THE REPORT of the Commission to Inquire into Child Abuse is the map of an Irish hell. It defines the contours of a dark hinterland of the State, a parallel country whose existence we have long known but never fully acknowledged. It is a land of pain and shame, of savage cruelty and callous indifference.

The instinct to turn away from it, repelled by its profoundly unsettling ugliness, is almost irresistible. We owe it, though, to those who have suffered there to acknowledge from now on that it is an inescapable part of Irish reality. We have to deal with the now-established fact that, alongside the warmth and intimacy, the kindness and generosity of Irish life, there was, for most of the history of the State, a deliberately maintained structure of vile and vicious abuse.

Mr Justice Ryan’s report does not suggest that this abuse was as bad as most of us suspected. It shows that it was worse. It may indeed have been even worse than the report actually finds – there are indications that “the level of sexual abuse in boys’ institutions was much higher than was revealed by the records or could be discovered by this investigation”.

With a calm but relentless accumulation of facts, the report blows away all the denials and obfuscations, all the moral equivocations and evasions that we have heard from some of the religious orders and their apologists. The sheer scale and longevity of the torment inflicted on defenceless children – over 800 known abusers in over 200 institutions during a period of 35 years – should alone make it clear that it was not accidental or opportunistic but systematic.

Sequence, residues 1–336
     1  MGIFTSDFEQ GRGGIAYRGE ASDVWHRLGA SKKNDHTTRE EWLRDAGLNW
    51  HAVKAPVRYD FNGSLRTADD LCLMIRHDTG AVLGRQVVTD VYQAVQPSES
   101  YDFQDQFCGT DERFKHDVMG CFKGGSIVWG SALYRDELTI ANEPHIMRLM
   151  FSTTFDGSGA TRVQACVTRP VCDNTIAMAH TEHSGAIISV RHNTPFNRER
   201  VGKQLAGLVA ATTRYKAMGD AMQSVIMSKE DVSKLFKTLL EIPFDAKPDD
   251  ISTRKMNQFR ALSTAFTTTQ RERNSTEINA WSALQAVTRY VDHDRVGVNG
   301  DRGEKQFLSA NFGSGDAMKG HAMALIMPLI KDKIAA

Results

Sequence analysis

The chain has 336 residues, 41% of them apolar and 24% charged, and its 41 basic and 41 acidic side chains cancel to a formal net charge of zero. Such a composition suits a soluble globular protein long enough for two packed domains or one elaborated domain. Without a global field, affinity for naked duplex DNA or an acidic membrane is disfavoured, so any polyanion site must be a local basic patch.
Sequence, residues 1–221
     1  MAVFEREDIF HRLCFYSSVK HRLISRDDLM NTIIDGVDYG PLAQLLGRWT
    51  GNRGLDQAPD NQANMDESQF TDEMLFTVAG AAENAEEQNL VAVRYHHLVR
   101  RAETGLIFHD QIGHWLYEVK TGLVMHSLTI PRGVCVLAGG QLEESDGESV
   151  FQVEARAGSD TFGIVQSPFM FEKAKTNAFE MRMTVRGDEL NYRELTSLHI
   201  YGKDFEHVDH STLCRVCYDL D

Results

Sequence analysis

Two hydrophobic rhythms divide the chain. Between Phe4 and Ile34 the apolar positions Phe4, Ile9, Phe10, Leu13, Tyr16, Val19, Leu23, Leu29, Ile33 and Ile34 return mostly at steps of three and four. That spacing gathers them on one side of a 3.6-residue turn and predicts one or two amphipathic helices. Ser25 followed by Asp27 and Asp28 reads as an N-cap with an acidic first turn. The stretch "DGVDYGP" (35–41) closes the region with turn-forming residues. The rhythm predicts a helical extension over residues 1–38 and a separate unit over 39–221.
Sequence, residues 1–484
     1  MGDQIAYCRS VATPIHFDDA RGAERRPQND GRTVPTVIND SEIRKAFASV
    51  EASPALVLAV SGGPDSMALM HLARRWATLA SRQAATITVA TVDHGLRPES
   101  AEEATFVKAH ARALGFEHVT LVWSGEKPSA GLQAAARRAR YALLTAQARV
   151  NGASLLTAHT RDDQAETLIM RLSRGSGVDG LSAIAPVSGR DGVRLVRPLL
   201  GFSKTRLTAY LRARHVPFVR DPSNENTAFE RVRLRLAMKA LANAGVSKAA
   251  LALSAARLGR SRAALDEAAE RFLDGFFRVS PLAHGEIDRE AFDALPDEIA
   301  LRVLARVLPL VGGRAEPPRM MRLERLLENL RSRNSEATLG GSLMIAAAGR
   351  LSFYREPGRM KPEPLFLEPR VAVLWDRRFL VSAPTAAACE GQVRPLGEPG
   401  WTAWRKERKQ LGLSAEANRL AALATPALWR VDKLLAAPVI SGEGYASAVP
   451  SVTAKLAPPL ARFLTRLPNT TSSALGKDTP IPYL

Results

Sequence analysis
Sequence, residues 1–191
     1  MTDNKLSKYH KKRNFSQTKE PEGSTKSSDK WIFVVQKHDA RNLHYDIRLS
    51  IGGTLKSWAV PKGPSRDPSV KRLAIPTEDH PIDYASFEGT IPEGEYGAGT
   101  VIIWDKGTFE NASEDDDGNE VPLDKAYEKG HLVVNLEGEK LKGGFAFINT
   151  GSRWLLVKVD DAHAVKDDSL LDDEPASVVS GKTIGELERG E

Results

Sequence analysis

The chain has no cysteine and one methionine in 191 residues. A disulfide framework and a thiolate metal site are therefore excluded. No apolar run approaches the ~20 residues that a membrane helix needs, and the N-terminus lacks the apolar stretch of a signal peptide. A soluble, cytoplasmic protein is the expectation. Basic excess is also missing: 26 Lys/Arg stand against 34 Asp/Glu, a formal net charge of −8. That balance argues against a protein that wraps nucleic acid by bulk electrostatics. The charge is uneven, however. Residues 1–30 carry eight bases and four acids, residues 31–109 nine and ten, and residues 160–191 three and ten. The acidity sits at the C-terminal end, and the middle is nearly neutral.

Violence and neglect were not the result of underfunding – the large institutions, where the worst abuse was inflicted, were “well-resourced”. The failure of the religious orders to stop these crimes did not result from ignorance. The recidivist nature of child sexual abusers was understood by the Brothers, who nonetheless continued deliberately to place known offenders in charge of children, both in industrial schools and in ordinary primary schools. At best, this represented what the report calls “a callous disregard for the safety of children”. At worst, it was an active protection of, and thus collusion with, the perpetrators of appalling crimes.

Nor did the abuse continue because of secrecy. Again, the very scale of the violence made it impossible to keep it sealed off from either officialdom or society at large. Contemporary complaints were made to the Garda, to the Department of Education, to health boards, to priests and to members of the public. The department, “deferential and submissive” to the religious congregations, did not shout stop. Neither did anyone else. Indeed, perhaps the most shocking finding of the commission is that industrial school inmates were often sexually exploited by those outside the closed world of the congregations, by “volunteer workers, visitors, work placement employees, foster parents” and by those who took them out for holidays or to work.

The key to understanding these attitudes is surely to realise that abuse was not a failure of the system. It was the system. Terror was both the point of these institutions and their standard operating procedure. Their function in Irish society was to impose social control, particularly on the poor, by acting as a threat. Without the horror of an institution like Letterfrack, it could not fulfil that function. Within the institutions, terror was systematic and deliberate. It was a methodology handed down through “successive generations of Brothers, priests and nuns”.

READ THE FULL ENTRY AT “THE IRISH TIMES”